The night I flew to Canada from England, in April 1980, there was a fierce storm over New York State. The plane I was in – it was upholstered in tan vinyl and it was very tired - bucked and twisted and moaned (I’ve never experienced anything like it since), and yet I wasn’t scared. I don’t remember anyway being frightened. A new life awaited me, I was excited and curious and preoccupied with that unwritten future, and to be honest the idea that that new life could be wrenched away and I might die horribly, plunging through grey cumulus, never occurred to me. It would have seemed ridiculous. I was 16 and mostly fearless.
These days I somehow will myself to be brave, or at least braver than is my inclination. And to some extent this strategy works.
And yet not completely. Another flight like that one over the low, thick-skinned Adirondacks would terrify me. I am much freer than I was, and I am also much less free.
I worry about different things, I guess that’s what it is. I overthink, when I used to be impetuous. I waste time agonizing over the time that I waste every day, if that makes any sense. I am a dog chasing its tail. I am completely different from the boy who arrived in Mississauga in the early hours of April 29, 36 years ago, and yet I am still him through and through. He is the pearl in this old oyster.
We all do it, I think - we all ponder these things. Where we came from and what’s changed, what’s still changing. The loss of innocence. What chance there is of grand adventure in our remaining time. At least I hope we do. I don’t want to be exceptional in this. This idle musing is surely the reason single-malt whisky was invented.
I sat at the office tonight, sort of working, and listening on the side to some old Husker Du. Too Far Down, actually, which is surely the most beautiful 4.38 of musical miserablism I know of (here's a fan's video for it that I quite like). I was moved (for the umpteenth time) and I was distracted, and I was transported far beyond the day-to-day, into this introspective space.
I was thinking, as I looked around me at the new arrangement of the tables and chairs, about the things that give me great pleasure, both simple and complicated, and those that give me pain too.
There is the memory of seeing my sister dead on the floor of her apartment. My last novel was on the coffee table beside her. A bookmark was inserted about a third of the way through. It is fucking awful and stupid of me to think this, but I wish I was a better writer so that she might have stuck around a little longer to finish it.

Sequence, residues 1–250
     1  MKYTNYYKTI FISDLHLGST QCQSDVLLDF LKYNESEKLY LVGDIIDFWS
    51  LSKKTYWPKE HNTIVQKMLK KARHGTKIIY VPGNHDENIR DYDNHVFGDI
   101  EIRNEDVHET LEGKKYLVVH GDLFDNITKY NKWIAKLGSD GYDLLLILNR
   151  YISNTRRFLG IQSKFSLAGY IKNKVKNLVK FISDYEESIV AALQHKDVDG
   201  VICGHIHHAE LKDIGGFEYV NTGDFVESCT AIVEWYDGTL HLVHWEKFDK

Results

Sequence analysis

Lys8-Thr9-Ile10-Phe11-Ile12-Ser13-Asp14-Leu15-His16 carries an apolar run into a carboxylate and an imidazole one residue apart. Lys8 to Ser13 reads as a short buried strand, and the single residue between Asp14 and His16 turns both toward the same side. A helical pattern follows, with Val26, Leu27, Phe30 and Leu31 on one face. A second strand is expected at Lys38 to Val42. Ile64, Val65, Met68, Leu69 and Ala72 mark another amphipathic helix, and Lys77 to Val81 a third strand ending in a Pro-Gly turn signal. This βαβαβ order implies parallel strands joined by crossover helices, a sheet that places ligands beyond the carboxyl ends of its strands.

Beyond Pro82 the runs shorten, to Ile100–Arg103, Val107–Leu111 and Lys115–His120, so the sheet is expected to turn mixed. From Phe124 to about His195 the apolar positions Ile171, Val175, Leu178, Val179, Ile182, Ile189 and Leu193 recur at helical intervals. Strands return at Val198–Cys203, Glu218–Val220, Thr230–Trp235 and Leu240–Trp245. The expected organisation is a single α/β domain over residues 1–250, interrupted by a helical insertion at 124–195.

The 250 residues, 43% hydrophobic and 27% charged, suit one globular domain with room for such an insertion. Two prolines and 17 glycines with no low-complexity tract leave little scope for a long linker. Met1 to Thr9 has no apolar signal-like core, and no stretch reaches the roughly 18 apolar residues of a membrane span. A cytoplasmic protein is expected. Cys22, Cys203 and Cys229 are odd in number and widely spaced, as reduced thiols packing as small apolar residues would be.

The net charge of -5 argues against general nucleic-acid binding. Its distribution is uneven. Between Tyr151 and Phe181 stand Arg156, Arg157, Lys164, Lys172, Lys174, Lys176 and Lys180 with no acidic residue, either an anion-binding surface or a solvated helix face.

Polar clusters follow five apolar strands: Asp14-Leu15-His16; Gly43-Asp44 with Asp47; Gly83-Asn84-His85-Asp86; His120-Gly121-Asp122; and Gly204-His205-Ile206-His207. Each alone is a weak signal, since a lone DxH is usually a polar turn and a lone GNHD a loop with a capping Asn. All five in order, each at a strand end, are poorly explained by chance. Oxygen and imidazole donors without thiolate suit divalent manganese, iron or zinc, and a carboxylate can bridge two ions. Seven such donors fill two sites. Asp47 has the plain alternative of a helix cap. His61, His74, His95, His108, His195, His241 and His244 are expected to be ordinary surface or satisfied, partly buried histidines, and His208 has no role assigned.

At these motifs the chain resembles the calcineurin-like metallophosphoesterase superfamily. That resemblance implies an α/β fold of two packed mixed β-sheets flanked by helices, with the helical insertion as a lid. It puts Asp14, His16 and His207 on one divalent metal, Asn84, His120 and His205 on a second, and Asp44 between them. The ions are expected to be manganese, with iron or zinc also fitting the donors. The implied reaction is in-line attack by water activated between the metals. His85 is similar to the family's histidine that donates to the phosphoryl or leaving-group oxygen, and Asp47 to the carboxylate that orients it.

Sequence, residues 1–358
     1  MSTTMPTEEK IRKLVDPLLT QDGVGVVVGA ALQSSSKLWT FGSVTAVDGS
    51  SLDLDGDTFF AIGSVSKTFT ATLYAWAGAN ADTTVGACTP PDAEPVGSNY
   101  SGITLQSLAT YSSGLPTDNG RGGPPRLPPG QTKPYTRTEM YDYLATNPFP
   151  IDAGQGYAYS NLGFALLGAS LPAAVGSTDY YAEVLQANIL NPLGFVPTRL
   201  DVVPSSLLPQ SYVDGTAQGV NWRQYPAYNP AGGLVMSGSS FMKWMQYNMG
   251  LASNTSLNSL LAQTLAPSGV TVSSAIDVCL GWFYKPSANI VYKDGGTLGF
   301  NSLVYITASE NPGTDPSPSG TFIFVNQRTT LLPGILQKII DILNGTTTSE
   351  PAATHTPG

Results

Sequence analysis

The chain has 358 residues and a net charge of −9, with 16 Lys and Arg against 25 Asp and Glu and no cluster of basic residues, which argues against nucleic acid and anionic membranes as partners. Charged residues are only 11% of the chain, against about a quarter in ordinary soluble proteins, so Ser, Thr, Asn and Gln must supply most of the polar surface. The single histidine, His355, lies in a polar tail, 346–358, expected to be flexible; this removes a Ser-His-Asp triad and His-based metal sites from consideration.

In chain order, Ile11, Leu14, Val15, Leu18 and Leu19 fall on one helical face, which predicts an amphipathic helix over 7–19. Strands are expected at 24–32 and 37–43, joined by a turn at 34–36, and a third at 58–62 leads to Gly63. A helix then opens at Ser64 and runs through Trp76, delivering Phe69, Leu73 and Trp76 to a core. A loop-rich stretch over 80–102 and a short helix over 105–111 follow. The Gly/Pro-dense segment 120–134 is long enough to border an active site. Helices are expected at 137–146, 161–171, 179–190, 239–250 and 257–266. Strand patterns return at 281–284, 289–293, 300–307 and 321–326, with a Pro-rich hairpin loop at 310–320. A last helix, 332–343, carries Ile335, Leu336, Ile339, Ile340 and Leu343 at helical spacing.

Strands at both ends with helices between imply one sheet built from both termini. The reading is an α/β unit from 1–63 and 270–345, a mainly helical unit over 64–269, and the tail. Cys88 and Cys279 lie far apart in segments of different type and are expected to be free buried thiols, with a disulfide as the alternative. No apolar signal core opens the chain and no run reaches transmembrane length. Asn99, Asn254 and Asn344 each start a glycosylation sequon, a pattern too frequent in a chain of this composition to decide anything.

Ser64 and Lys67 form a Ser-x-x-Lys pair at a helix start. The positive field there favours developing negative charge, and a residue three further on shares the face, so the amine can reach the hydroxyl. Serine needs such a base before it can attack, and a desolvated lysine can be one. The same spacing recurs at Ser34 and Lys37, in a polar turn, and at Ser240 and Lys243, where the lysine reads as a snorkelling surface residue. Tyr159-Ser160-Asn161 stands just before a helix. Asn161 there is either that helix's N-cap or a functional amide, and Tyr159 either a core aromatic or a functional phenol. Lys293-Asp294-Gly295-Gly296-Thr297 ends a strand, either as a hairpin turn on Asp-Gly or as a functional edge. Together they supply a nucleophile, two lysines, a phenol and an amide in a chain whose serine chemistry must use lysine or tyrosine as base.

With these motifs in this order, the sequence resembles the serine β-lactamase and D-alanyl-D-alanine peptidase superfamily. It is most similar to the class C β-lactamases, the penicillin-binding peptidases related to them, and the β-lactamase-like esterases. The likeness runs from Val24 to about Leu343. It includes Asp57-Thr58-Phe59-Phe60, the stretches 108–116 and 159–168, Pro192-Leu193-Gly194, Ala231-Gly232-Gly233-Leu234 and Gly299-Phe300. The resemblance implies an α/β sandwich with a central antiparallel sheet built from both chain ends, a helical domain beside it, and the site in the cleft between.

On the other hand, there is the birth of my son high up in a Toronto hospital, snow sifting slowly down to the street outside. A nurse pumped a few breaths into his phlegmy lungs to get them going and it was like I was witnessing the ignition of a whole universe.
There is a Don Coles poem (our greatest poet) in which the narrator is in a car and happens to glance down and see the passenger’s beautiful legs. This shouldn’t be my favourite poem – it is slight, really, and not his best, and it diminishes the woman involved - and yet it is also true and it is telling, and in its acute observances it somehow amplifies my own life when I read very slowly its few sentences now and again.
There are David Bowie songs that stop me in my tracks, even after a thousand listens. And paragraphs, whole pages from Martin Amis, and paintings by Lucian Freud and countless others both just down the road and around the world. There are myriad ways in which the world delights me – my daughter mocking my gestures, and imitating me perfectly - just as there are a million others in which it makes me despair.
Picking up a bent paper clip from the carpet can seem for an instant to solve every problem, to purify the world. Dropping one where I can’t quite reach it, it can seem momentarily as if the planet has wobbled off its axis (well not quite that, but hey, I'm dramatizing).
The light and the laughter win out, easily, they always will, that’s the sentiment at the root of everything here. Mixed together they are a beautiful voice suddenly in my ear as my kid slaloms down a white ski slope beneath a nearly warm sun. But it’s complicated.